25 In Chippewas of Saugeen First Nation v. Keppel (Township) (1994), 117 D.L.R. (4th) 419 (Ont. Ct. (Gen. Div.)), Belleghem J. considered a situation where the Township of Keppel had passed by-laws to issue quitclaims to owners of land over which ownership was disputed by the Chippewas of Saugeen First Nation. Just over a month before the passage of the by-laws, a court had ordered a trial to resolve the ongoing land ownership dispute. Belleghem J. considered, among other things, that local authorities must exercise their powers in the public interest. The close timing of the court order and the passage of the by-laws persuaded Belleghem J. that the Township and the landowners had sought to circumvent the ruling of the court and the Township's actions therefore amounted to bad faith and the by-laws should be quashed on that ground.
26 The timing of the passage of the By-law at issue in this appeal, the procedure utilized to pass the By-law, the text of the By-law, and the circumstances under which the By-law was passed, all constitute, in my opinion, an overt act of bad faith. On May 20, 1994 the Township had moved for summary judgment on the action brought against the Markhams. In an affidavit filed on July 15, 1994, in response to the motion, the solicitor of the Markhams, among other things, asserted that there were questions as to the validity and enforceability of Resolution 351/85 and that this was a triable issue. The By-law was passed soon after the end of that summer on September 26, 1994. In Chippewas of Saugeen First Nation, supra, the court concluded that the close timing of a court order and the passage of by-laws circumventing the order constituted bad faith. Similarly, I conclude that the timing of the passage of the By-law in this case indicates that the By-law was passed in bad faith to avoid a motion for summary judgment that might well have been lost due to the unenforceability of Resolution 351/85 and to avoid the result of the overall lawsuit that was also likely to be lost. This finding is supported by the unusual procedure used to pass the By-law. The By-law was passed with no notice to the Markhams or the public and it was read three times and passed at just one council meeting. The circumstances of the passage of the By-law and its text indicate further that it was passed in bad faith. As I have established, there was no statutory basis for the By-law and it only affected the Markhams. The drafters and the council knew of the pending lawsuit against the Markhams and the response to the motion for summary judgment that undermined their case. The council passed the By-law that was specifically designed to overcome the legal difficulties the Township's lawsuit against the Markhams was encountering. The By-law was not passed in the public interest. These factors, taken together, provide ample evidence to support my conclusion that the By-law was passed in bad faith.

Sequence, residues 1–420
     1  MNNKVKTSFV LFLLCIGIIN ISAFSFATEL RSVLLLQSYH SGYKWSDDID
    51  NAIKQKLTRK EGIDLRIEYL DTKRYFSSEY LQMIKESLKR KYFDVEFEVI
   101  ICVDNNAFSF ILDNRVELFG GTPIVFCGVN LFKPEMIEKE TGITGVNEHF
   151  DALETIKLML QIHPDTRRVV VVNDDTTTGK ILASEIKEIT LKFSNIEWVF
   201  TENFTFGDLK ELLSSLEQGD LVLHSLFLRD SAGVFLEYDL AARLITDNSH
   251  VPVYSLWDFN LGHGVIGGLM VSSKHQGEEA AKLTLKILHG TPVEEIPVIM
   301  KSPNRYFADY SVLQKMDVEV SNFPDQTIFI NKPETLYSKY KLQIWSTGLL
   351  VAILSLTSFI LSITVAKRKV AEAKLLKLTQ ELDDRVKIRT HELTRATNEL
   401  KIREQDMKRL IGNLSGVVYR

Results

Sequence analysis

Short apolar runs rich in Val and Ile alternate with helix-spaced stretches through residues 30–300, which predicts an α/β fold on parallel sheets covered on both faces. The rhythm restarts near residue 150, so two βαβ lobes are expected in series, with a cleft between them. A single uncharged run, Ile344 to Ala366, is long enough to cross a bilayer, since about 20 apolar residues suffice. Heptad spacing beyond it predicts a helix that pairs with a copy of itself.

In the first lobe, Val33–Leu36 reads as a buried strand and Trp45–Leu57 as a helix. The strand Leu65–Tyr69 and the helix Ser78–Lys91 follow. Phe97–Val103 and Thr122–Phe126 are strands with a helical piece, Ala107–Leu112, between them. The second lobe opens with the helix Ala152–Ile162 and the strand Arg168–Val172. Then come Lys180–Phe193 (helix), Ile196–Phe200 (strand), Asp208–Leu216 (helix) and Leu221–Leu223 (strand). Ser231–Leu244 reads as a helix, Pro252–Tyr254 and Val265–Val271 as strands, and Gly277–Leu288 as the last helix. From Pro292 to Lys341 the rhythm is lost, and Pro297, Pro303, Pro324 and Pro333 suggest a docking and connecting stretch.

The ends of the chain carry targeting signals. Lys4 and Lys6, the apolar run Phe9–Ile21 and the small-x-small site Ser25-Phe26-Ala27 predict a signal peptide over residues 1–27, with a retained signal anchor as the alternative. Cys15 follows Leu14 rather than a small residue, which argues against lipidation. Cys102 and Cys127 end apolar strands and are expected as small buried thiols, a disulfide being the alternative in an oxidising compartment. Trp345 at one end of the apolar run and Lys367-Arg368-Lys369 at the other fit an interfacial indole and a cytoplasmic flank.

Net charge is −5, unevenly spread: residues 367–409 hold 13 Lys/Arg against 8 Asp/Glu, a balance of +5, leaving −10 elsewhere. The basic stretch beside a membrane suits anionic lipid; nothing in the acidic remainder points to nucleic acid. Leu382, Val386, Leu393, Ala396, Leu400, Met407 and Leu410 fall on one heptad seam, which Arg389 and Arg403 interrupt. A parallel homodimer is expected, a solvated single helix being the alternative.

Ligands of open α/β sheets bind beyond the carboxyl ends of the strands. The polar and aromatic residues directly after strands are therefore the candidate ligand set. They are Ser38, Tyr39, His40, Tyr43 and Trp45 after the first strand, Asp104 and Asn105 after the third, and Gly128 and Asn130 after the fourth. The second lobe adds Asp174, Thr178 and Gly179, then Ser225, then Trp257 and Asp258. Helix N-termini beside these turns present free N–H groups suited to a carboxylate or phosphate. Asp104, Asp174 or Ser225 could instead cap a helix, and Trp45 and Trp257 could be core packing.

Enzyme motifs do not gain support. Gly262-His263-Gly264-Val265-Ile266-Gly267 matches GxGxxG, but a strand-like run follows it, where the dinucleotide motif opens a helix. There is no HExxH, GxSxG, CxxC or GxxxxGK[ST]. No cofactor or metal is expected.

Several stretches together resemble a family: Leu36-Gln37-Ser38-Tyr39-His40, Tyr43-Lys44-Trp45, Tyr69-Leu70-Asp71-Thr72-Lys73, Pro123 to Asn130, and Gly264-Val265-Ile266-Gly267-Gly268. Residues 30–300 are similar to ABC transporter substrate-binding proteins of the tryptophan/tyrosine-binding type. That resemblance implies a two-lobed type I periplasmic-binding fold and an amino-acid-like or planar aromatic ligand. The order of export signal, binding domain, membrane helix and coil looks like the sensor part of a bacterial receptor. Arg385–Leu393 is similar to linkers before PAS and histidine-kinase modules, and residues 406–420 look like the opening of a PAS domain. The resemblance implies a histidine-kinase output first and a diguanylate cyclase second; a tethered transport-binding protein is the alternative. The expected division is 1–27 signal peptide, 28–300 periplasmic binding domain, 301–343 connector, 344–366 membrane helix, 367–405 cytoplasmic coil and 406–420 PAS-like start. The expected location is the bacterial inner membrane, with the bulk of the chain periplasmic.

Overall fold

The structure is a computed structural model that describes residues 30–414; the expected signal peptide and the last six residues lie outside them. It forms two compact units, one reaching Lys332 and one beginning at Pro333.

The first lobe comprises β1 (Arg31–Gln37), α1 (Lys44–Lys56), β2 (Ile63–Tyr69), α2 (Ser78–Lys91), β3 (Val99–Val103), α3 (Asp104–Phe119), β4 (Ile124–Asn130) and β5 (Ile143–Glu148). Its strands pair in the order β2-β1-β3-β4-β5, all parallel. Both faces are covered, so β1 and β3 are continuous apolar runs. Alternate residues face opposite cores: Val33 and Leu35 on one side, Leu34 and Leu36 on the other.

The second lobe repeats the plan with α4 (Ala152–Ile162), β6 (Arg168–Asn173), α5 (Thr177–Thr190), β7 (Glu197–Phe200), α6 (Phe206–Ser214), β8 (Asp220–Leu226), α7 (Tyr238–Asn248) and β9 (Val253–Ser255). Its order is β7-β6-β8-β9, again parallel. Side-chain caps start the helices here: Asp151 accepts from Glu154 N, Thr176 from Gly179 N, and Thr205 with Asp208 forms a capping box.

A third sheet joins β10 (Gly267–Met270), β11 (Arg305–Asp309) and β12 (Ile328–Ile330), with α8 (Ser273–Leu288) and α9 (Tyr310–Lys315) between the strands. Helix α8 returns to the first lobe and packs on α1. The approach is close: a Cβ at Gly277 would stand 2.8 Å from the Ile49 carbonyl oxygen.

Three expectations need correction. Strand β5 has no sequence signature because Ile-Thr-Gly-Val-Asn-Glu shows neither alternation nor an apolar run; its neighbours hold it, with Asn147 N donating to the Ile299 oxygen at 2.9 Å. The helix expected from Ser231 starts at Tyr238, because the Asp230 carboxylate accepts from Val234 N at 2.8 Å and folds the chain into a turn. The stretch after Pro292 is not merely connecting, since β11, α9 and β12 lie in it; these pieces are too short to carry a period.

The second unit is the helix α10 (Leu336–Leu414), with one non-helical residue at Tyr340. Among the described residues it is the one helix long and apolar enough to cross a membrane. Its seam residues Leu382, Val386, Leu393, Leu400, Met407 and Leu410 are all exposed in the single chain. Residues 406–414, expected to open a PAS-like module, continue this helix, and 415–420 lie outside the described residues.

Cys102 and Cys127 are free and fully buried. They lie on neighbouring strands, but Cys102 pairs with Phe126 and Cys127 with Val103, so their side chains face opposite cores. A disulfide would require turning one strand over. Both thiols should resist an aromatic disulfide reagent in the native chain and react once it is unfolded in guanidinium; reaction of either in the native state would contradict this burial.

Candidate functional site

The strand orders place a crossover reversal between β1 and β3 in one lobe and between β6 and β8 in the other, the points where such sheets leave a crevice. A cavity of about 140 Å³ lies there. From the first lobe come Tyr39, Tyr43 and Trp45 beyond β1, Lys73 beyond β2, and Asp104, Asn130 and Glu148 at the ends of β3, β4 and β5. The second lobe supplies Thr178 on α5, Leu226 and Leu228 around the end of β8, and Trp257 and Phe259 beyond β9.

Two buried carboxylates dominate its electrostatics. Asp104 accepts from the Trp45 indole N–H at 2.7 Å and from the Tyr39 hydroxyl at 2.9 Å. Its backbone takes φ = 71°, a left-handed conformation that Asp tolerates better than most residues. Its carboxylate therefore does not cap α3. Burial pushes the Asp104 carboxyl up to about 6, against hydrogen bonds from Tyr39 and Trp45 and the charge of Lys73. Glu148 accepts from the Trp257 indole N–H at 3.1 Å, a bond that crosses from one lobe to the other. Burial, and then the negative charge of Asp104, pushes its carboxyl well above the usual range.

27 By-law 94-22 is a one-shot reimbursement device. It is directed to the Markhams alone and to a stale dated claim. As such it is discriminatory. Passed without notice, in response to an unexpected defence in a lawsuit that it instituted, and in total disregard of its statutory authority, it is the ultimate in bad faith legislation. The court should have no hesitation in quashing it.
28 I would allow the appeal, set aside the order of Cusinato J. and quash By-law 94-22. It follows that the Township is not entitled to rely upon the By-law to plead restitution.
29 I would award the appellants their costs of this appeal and their costs below on the application to quash.
ROSENBERG J.A. -- I agree.
MOLDAVER J.A. -- I agree.